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Time we will never get back


A couple months ago, I wrote about how the cancellation of classes was much more of a 'schooling from home' scenario, rather than a homeschool scenario. As the school year has now officially wrapped up and report cards have been handed out, I figured I would take the opportunity to look back on the last two months - and evaluate my own success with schooling from home.

Or, maybe it's more of a lack of success, if I'm being honest. Other than checking in on Google Classroom a few times, making the odd list of missing assignments for my 13-year-old to catch up on, and helping him with one French poetry assignment, I really can't take any credit for how my kids successfully juggled at-home learning.

Sure, there were some days that involved a lot more video games than schoolwork, but there were also a lot of great days and fun moments. There have also been some moments of impatience, and I've realized that a task that should take five minutes often takes a fourth grader 50 minutes.

With my husband leading our sons through their at-home learning, I was able to sit in my office, continue to work, and listen from a distance as they used Google translater to make fun of each other in French, talked about totally unrelated topics (like the newest season of Fortnite), and somehow - got things done. Our kitchen table turned into their classroom most mornings, and while they're happy to be free of the daily tasks, I think we all enjoyed the routine that came along with schooling at home.

I've heard a lot of parents express frustrations when it comes to being thrust into the situation. So many kids had to take initiative and do school on their own, as parents continued to work full-time out of the home. We quickly learned that doing schoolwork past about 2 p.m. was pointless, because there was no focus left. I'm thankful our situation involved being home with our kids, and not having to force school work on them after supper time.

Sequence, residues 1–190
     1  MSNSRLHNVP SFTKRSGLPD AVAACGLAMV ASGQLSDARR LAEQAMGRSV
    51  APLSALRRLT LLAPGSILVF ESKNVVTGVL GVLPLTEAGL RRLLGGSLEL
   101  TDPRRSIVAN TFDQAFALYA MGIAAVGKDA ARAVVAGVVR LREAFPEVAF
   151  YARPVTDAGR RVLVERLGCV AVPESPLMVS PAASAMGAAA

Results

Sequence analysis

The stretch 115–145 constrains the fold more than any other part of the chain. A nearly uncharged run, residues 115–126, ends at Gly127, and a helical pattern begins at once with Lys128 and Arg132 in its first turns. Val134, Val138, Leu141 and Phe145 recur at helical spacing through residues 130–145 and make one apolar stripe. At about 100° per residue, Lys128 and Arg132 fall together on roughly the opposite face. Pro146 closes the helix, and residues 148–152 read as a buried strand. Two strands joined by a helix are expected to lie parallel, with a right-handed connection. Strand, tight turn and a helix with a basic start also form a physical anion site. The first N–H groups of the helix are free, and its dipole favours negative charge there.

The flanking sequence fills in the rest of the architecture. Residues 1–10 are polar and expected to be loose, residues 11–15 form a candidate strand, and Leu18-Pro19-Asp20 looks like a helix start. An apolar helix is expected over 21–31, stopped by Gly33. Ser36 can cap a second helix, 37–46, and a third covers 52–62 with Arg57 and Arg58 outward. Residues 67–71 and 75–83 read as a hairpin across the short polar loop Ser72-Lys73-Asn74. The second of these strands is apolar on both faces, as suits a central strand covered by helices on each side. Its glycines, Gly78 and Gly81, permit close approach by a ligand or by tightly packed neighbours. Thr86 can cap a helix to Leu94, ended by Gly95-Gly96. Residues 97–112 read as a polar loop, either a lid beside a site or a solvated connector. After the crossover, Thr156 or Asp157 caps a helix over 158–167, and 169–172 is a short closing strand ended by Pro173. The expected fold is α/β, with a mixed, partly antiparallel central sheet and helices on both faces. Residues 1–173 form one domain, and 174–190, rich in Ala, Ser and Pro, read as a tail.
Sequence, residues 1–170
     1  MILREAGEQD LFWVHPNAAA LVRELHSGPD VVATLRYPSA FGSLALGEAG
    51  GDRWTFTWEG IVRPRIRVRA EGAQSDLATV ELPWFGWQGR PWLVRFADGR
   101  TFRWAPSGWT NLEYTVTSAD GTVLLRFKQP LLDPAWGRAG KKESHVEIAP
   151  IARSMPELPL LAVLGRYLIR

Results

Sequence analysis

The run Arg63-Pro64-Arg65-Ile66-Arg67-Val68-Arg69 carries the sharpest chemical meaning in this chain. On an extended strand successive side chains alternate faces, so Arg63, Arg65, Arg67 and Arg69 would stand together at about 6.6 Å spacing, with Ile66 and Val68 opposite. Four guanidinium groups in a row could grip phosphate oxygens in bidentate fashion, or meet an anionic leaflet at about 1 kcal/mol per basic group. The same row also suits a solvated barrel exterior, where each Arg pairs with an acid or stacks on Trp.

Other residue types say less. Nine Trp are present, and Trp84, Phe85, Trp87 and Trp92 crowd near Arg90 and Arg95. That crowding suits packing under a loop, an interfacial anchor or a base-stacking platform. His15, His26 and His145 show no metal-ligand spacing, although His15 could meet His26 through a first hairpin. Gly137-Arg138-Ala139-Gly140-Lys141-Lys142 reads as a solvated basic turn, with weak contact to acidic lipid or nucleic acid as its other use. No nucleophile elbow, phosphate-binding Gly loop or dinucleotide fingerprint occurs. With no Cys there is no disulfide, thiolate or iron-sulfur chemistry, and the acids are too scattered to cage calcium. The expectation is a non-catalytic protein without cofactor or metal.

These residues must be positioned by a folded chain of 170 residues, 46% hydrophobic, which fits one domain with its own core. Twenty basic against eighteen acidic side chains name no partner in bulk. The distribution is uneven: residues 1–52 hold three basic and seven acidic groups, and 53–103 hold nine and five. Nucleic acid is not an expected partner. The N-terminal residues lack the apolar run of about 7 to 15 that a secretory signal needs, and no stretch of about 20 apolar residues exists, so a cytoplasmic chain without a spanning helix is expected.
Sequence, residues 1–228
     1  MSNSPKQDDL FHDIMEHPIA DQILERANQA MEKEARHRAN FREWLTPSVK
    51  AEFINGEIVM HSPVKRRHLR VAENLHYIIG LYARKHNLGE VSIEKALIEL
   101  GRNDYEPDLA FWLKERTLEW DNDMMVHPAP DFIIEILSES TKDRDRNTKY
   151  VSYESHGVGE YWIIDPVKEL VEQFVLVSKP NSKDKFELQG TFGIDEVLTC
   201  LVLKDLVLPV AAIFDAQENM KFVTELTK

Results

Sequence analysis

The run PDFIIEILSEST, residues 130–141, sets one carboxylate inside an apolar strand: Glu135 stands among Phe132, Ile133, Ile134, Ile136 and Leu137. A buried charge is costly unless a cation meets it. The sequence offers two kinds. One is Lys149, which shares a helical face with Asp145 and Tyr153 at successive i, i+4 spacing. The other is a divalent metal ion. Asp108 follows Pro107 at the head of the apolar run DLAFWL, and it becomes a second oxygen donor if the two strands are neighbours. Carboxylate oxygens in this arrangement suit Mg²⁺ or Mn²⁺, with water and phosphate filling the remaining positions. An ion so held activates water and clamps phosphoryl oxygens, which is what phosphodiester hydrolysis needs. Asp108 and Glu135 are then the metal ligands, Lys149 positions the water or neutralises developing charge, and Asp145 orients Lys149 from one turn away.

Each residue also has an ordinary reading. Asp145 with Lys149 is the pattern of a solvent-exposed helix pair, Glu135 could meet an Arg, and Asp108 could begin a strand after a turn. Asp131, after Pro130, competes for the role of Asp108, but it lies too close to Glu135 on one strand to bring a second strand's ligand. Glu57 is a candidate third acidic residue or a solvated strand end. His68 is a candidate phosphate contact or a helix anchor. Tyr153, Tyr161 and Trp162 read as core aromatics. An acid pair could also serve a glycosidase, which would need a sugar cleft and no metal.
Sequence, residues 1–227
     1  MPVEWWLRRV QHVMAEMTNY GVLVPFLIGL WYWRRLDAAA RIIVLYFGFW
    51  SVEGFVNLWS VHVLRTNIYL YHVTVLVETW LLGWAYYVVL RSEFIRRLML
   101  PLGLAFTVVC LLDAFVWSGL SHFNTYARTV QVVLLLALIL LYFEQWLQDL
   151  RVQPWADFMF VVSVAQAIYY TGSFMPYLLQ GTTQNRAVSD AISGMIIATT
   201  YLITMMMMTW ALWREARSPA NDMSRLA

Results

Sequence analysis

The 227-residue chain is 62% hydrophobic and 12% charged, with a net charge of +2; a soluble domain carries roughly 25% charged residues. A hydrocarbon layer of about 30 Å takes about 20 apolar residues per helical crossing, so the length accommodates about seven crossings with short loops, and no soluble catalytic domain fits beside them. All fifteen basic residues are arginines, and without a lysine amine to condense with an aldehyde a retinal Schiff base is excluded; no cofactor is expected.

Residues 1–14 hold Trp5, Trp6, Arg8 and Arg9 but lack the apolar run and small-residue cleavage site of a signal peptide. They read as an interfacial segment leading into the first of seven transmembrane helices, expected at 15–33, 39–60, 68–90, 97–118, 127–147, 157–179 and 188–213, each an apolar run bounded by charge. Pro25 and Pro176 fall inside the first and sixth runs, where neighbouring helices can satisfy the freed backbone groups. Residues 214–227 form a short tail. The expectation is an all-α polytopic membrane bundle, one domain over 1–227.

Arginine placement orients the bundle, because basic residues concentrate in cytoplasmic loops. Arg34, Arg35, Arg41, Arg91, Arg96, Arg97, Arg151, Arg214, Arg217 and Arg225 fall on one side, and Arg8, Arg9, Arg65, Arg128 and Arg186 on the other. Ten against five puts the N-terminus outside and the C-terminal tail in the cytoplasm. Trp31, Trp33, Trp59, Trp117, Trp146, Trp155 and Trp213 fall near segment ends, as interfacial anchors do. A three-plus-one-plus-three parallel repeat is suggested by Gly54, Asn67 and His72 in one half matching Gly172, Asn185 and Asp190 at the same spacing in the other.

But, with all tough and trying situations, I think there is value in the lessons we learn along the way. Before the cancellation of classes occurred, we had entered a phase where our now 13-year-old pretty much thought we were idiots. During the past three months, he's had to lean on us, while also trying to be independant. I hope he's learned that while he can do anything he sets his mind to, he will always have our support to back him up.

The experience reaffirmed my respect and acknowldgement for every teacher out there. Teaching has never been one of my strengths. As a student, I was the first to take over a group project and do all the work myself. I move at my own speed, and it's hard for me to slow down for others. It's something I know I need to work on, and just one of the many reasons I hope my kids can safely return to class in September.

But, if my kids have to spend more time at home, I'm not going to let that ruin what has truly been a unique experience, filled with many challenges, but a lot of positives. Yes, it's been hard working alongside a 13-year-old as he stares at a page in a textbook for 20 minutes yet still can't find the answer staring back at him, and then continually missed the deadline on those assignments because he simply forgot to hit the "hand in" button.

It's time I never thought I would have with my kids - and an experience I will appreciate forever.